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GCAPs are neuronal Ca2+-binding proteins of the calmodulin (CaM) superfamily expressed in photoreceptors (Palczewski et al., 1994). Whereas mammals express up to three GCAPs (GCAP1-3), as many as eight distinct GCAPs can be identified in the genomes of lower vertebrates. These proteins exhibit about 50% sequence similarity and identical domain structures; all are N-myristoylated or modified by other fatty acid groups. GCAPs are composed of four EF-hand motifs, two each in the N-terminal and C-terminal domains. Crystallization of chicken myrGCAP1 with Ca2+ bound reveals a compact structure (Fig. 1) (Stephen et al., 2007). In contrast to other neuronal Ca2+-binding proteins, the myristoyl group in GCAP1 is completely buried between the N- and C-terminal helices (green and blue in Fig. 1), and remains buried even after Ca2+ dissociation from the protein.
Hallmarks of GCAP structure are high affinity Ca2+-binding sites termed EF-hand motifs consisting of helix-loop-helix secondary elements. In the canonical EF-hand motif, the loop consists of a 12 amino acid-long sequence rich in acidic residues that provide oxygen groups for Ca2+ coordination. Residues adjacent to this loop are generally hydrophobic (I, L, Y, W), and the entire loop is flanked by α-helical structures. In GCAP1, EF-hand 1 (residues 17–42) and EF-hand 2 (residues 50–82) form the N-terminal domain, whereas EF-hand 3 (residues 87–118) and EF-hand 4 (residues 130–160) are contained in the C-terminal domain. EF hands 2–4 are fully functional, canonical EF-hand Ca2+-binding sites, whereas EF-hand 1 does not bind Ca2+ because the loop of this motif lacks the acidic side chains that provide oxygen for Ca2+ coordination. A short loop between EF-hand 2 and EF-hand 3 and an N-terminal helix fasten the N- and C-terminal domains together (Fig. 1) (Stephen et al., 2007). The conformational changes that take place when GCAP1 converts from a Ca2+ bound to Ca2+ free state have not yet been structurally defined.
GCAP1 and GCAP2 are expressed in rod and cone cells and target membrane guanylate cyclases (GCs) located in retinal outer segment disk membranes (Baehr et al., 2007). In the dark-adapted photoreceptor, basal GC activity is balanced by the activity of phosphodiesterase 6 (PDE6) that adjusts the cytoplasmic [cGMP] to about 1–10 μM. In photoactivated photoreceptors, [Ca2+] decreases from about 500 nM (dark) to <50 nM and dissociates from GCAPs. The Ca2+-free GCAPs then activate GCs, increasing their catalytic activity about 10-fold. Provided that all of the major components of the phototransduction cascade (R*, G*, PDE*) are “silenced” by returning to their inactive dark-adapted states, activation of GC will restore [cGMP] to dark levels. It is assumed that the N-terminal region of GCAPs, including EF1, plays a key role in interacting with the target protein GC. GCAPs interact with an intracellular domain of GC, because deletion of the extracellular domain of GC has no effect on GCAP stimulation whereas deletion of the kinase-like domain diminishes the stimulation by GCAPs.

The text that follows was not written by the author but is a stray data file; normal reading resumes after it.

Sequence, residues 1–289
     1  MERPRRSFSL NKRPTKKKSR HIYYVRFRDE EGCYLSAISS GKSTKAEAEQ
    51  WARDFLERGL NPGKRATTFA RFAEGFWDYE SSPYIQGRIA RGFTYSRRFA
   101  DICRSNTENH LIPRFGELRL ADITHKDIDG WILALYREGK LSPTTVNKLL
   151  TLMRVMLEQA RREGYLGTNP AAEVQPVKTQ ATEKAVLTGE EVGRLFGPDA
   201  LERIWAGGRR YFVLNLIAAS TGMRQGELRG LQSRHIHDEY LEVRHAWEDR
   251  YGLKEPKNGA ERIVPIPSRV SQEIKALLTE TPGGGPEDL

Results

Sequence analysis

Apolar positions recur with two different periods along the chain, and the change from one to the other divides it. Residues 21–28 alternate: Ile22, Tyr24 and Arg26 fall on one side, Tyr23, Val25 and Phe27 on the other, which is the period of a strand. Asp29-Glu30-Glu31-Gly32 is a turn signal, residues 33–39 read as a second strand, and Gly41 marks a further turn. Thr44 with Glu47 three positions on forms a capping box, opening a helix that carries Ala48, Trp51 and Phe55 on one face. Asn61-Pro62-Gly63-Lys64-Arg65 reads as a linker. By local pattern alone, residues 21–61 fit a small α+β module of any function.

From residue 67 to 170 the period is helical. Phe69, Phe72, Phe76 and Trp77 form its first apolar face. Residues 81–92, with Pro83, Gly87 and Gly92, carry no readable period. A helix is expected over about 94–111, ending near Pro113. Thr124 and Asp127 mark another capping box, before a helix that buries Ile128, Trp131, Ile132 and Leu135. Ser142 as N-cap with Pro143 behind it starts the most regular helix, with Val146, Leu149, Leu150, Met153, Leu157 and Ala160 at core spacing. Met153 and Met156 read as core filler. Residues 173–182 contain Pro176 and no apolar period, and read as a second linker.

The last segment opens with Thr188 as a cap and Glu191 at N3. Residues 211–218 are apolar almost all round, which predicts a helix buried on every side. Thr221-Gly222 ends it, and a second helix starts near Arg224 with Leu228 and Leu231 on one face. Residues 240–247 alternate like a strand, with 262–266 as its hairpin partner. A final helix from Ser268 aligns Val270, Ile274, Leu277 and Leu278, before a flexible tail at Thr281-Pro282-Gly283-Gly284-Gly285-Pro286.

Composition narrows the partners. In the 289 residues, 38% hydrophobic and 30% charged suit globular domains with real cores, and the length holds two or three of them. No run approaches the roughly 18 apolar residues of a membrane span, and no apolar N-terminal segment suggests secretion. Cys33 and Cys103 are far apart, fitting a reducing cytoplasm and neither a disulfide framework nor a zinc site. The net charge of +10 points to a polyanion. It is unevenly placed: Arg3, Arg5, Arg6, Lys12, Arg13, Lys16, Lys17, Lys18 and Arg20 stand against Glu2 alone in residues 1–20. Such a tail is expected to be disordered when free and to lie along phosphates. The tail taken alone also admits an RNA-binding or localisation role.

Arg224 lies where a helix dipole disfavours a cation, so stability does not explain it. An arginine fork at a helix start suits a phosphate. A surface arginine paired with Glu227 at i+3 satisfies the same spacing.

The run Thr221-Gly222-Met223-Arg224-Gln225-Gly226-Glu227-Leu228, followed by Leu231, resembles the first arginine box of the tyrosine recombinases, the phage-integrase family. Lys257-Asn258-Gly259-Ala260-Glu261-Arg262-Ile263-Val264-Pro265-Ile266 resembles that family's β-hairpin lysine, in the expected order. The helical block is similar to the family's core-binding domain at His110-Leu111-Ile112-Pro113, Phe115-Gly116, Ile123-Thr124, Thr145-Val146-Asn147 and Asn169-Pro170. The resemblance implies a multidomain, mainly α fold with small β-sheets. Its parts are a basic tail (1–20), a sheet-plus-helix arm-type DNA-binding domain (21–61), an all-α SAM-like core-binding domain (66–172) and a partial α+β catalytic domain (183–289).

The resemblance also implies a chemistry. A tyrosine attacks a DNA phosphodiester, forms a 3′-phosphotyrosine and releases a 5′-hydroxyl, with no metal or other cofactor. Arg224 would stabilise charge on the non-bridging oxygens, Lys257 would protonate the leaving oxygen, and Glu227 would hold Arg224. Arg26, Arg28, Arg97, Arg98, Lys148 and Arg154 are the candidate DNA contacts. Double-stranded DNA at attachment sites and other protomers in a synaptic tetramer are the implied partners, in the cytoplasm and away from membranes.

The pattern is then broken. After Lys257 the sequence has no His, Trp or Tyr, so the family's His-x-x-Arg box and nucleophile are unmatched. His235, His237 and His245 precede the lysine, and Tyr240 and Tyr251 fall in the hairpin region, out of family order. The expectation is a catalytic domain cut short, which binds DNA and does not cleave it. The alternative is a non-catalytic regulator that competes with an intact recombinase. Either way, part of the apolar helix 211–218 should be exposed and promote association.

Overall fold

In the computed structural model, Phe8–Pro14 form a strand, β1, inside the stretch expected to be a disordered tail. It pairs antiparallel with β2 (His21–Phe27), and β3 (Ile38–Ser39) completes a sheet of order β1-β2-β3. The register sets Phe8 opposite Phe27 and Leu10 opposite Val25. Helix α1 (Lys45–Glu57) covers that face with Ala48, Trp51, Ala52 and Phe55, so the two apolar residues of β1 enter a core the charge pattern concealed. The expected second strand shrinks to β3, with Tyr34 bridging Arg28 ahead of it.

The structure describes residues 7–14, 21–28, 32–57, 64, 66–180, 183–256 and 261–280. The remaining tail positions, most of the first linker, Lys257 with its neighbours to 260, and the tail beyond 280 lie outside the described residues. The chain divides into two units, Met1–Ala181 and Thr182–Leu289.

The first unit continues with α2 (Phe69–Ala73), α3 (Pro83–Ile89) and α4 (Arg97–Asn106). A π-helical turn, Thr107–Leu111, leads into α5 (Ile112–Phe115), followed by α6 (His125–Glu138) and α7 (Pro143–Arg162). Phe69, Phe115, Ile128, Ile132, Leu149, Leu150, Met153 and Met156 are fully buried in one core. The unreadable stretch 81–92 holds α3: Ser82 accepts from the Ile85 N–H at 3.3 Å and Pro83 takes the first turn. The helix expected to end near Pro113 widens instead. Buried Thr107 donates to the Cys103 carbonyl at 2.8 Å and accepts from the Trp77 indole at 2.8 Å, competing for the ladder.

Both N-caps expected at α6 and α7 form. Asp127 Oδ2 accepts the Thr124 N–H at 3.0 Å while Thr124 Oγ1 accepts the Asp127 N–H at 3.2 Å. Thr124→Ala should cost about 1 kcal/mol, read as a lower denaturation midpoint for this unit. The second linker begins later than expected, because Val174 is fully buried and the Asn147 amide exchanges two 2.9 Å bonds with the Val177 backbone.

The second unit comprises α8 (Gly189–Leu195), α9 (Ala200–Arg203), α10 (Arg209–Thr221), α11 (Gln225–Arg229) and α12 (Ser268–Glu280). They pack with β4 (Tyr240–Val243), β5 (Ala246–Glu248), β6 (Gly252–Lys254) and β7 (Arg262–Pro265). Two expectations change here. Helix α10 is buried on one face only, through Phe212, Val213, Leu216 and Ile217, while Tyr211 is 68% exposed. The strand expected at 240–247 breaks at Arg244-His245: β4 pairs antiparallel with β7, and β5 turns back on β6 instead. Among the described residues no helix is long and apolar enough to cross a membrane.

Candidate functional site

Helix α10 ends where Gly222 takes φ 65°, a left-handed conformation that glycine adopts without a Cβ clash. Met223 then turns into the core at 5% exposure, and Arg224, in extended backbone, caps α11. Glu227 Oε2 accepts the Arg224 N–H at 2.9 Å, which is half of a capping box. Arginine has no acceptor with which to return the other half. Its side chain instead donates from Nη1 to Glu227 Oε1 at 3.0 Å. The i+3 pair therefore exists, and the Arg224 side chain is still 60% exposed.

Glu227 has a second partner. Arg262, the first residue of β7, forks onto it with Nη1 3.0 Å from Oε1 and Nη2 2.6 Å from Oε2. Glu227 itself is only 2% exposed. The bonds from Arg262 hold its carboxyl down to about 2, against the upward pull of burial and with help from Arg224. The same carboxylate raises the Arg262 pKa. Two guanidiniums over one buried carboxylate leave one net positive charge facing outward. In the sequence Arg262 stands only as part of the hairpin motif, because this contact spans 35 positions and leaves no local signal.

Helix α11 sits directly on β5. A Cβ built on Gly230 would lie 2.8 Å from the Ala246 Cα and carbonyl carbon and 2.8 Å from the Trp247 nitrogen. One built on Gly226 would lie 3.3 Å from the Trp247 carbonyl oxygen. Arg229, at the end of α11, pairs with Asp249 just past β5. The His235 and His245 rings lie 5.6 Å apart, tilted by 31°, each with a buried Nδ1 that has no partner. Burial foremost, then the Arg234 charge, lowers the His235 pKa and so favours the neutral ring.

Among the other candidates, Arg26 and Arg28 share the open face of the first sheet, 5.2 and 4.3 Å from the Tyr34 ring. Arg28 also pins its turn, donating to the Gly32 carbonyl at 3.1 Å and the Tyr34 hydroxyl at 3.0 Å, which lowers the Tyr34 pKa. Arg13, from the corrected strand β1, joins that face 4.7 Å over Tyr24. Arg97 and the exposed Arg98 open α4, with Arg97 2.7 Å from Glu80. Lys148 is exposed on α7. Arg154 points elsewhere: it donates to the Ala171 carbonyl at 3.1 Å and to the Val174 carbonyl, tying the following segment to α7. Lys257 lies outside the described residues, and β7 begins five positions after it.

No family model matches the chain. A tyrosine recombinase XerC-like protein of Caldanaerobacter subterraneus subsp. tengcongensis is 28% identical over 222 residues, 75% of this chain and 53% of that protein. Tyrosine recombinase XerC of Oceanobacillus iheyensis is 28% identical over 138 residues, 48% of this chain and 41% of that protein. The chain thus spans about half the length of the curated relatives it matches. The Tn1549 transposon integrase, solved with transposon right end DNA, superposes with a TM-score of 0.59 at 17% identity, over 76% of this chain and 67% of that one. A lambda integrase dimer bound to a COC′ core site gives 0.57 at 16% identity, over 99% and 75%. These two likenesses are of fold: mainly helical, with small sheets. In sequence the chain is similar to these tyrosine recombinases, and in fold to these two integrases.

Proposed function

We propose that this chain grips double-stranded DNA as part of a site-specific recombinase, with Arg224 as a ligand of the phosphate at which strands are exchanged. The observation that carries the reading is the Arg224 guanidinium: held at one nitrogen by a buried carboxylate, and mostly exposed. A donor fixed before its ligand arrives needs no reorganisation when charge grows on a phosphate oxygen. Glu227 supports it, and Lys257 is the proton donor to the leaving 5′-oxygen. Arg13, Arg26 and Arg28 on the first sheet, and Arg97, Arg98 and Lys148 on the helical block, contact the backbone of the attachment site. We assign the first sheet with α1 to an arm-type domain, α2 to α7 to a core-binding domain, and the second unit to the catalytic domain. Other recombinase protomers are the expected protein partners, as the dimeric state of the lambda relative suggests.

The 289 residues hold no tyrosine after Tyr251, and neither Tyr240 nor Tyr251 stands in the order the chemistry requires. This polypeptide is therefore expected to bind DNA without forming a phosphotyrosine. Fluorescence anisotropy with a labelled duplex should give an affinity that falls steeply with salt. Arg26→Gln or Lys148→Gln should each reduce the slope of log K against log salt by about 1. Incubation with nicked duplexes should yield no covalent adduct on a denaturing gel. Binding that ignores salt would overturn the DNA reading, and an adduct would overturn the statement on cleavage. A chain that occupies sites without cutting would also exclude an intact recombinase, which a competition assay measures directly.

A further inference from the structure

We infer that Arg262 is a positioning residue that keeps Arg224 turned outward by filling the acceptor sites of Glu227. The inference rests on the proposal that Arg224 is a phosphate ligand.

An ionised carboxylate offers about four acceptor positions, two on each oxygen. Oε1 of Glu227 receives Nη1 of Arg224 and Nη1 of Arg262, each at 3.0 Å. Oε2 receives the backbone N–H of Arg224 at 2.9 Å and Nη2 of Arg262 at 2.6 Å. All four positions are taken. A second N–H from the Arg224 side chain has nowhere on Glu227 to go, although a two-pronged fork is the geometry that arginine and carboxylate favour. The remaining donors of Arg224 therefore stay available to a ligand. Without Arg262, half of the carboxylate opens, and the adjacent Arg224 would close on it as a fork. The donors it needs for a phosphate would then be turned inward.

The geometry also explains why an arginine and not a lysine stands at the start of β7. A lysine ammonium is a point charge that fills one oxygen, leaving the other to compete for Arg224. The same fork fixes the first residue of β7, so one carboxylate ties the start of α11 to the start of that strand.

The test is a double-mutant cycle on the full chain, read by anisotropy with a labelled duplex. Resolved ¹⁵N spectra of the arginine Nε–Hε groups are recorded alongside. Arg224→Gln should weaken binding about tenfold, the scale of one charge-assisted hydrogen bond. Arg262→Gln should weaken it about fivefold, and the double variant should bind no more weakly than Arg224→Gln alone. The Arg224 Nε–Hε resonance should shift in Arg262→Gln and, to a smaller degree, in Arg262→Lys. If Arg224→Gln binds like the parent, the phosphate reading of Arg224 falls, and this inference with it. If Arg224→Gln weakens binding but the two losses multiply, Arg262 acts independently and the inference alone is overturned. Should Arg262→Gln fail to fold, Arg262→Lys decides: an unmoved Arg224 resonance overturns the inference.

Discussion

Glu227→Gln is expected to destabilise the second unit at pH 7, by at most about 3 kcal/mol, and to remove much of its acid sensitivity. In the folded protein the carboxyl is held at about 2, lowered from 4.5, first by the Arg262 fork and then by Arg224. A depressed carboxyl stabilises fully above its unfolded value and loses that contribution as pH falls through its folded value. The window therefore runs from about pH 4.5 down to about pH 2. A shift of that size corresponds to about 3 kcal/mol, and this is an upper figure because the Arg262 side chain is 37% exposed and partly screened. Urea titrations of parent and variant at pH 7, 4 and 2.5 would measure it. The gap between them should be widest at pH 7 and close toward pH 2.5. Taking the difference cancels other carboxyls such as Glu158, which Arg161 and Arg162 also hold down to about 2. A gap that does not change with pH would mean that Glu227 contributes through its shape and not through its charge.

GCAP1 and GCAP2 genes (GUCA1A and GUCA1b, respectively) are organized in tail-to-tail arrays in mammals, presumably generated by gene duplication and inversion. In GCAP double knockout mouse photoreceptors, return to the dark-adapted state is delayed by a few hundred milliseconds, consistent with absence of the activator and a defect in GC stimulation. However, absence of GCAPs in photoreceptors does not cause recessive retinal degeneration. Transgenic GCAP1 can rescue the GCAP−/− phenotype in rods and cones, as tested by single rod cell recordings and electroretinography, even in the absence of GCAP2.
Pathogenic mutations of residues flanking EF-hand 3 and EF-hand 4, as well as several residues within the EF-hand 3 and the 4 loops of GCAP1 are associated with autosomal dominant cone or cone-rod dystrophy. These mutations are Y99C, N104K, I143NT, L151F, and E155G. Residue Y99 is located adjacent to the EF3-hand motif, and I143 is adjacent to the EF4 hand. Residue N104 is located in EF3, and E155G and L151F are situated in EF4 (Jiang et al., 2008). All these mutations disrupt co-ordination of Ca2+ to the mutant loop and decrease the Ca2+ sensitivity of GCAP1. As a result, mutant GCAPs are not fully inactivated in the dark, leading to persistent stimulation of GC1, elevated [cGMP] and [Ca2+] levels, and eventually to cell death.
The interface between GCAPs and guanylate cyclases is still poorly defined. Future experiments will attempt to crystallize the GC holoenzyme or its cytoplasmic domain with Ca2+-free/Ca2+-bound GCAP1 and GCAP2. Further, the presence of three GCAPs in human (two in mouse) retina and two guanylate cyclases is complicating our understanding of the GC/GCAP regulatory system. Generation of genetically engineered mice expressing single GCs and single GCAPs will likely shed light on the respective contributions of each GC and each GCAP to photoreceptor recovery, at least in mouse.
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